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Papachristou v. City of Jacksonville

405 U.S. 156 (1972)

tl;dr: A vagrancy statute was void for vagueness because it did not give a person of reasonable intelligence notice that his conduct was forbidden.

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In the case of "Papachristou et al. v. City of Jacksonville," eight defendants were convicted of violating a vagrancy ordinance in Jacksonville, Florida. The defendants faced charges for various forms of vagrancy, including loitering, vagabonding, and prowling by auto. Among the defendants were two white females, a black male Vietnam war veteran, and a black male tow-motor operator who were driving to a nightclub. They were arrested for "prowling by auto" on the main street, but the arresting officers claimed the arrest was made because the defendants had stopped near a used-car lot that had been broken into in the past. However, there was no evidence of break-ins on the night in question. Except for one of the defendants, none had been previously arrested. The majority opinion, written by Justice Douglas, would reverse the convictions.

The case highlights several instances where individuals were arrested without probable cause. Jimmy Lee Smith and Milton Henry were arrested while waiting for a friend to lend them a car. Heath and a codefendant were arrested for "loitering" and "common thief" despite having no contraband or incriminating evidence found on them or in their car. Campbell was arrested for "common thief" as he reached his home early one morning after being stopped by officers for speeding. Brown was arrested by a police officer who believed he was a thief and narcotics pusher, but the narcotics charge was later dropped. The lower court erred in not considering the lack of probable cause for the arrests in some cases.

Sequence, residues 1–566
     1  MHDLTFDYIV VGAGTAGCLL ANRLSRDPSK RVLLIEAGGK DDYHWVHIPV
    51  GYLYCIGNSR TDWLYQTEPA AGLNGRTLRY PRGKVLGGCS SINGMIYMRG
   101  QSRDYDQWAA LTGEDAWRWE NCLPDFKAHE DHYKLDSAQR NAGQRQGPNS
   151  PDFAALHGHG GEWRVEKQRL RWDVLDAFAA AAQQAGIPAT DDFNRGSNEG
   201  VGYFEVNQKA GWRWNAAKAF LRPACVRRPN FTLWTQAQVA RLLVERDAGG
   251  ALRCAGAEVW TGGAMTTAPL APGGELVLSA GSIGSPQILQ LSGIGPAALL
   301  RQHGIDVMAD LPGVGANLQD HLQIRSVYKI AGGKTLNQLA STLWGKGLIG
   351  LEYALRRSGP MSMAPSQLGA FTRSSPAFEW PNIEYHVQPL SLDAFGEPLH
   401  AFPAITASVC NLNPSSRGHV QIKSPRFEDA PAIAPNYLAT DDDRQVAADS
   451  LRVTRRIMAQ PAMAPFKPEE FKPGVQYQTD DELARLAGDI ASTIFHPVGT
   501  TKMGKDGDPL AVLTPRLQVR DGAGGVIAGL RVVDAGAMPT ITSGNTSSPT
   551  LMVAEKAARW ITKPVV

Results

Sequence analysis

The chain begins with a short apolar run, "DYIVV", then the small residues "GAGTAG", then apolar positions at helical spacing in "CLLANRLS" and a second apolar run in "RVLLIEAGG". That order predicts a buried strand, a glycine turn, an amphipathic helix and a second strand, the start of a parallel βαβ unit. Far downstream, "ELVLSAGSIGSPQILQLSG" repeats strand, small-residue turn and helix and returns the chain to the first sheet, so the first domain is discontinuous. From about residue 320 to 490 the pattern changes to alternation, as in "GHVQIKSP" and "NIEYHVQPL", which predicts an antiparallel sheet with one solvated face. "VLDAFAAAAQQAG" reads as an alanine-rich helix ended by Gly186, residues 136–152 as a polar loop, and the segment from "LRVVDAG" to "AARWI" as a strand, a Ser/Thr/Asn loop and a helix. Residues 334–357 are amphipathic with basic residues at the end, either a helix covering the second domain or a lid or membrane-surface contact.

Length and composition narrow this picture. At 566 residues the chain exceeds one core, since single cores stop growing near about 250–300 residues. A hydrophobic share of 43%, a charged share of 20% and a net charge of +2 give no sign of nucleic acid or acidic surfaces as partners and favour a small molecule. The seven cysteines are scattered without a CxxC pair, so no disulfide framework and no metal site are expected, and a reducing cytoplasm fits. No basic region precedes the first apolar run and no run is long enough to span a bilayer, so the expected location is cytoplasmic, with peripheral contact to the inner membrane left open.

The vagrancy laws in Jacksonville and Florida are outdated and vague, leading to arbitrary arrests and convictions. The court is concerned about a vague vagrancy ordinance that lacks ascertainable standards of guilt and could be used to increase police power. The imprecise terms of the ordinance allow for arbitrary and discriminatory enforcement of the law, particularly against poor people, nonconformists, dissenters, and idlers. The ordinance is unconstitutional and cannot be reconciled with constitutional standards. A lower court's decision to uphold such an ordinance would be erroneous.

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IRACIssue, Rule, Analysis, Conclusion

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Facts & Holding

Facts:The city of Jacksonville had a statute that criminalized vagrancy...

Holding:The Court held the statute unconstitutionally vague, because it did...

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Papachristou v. City of Jacksonville

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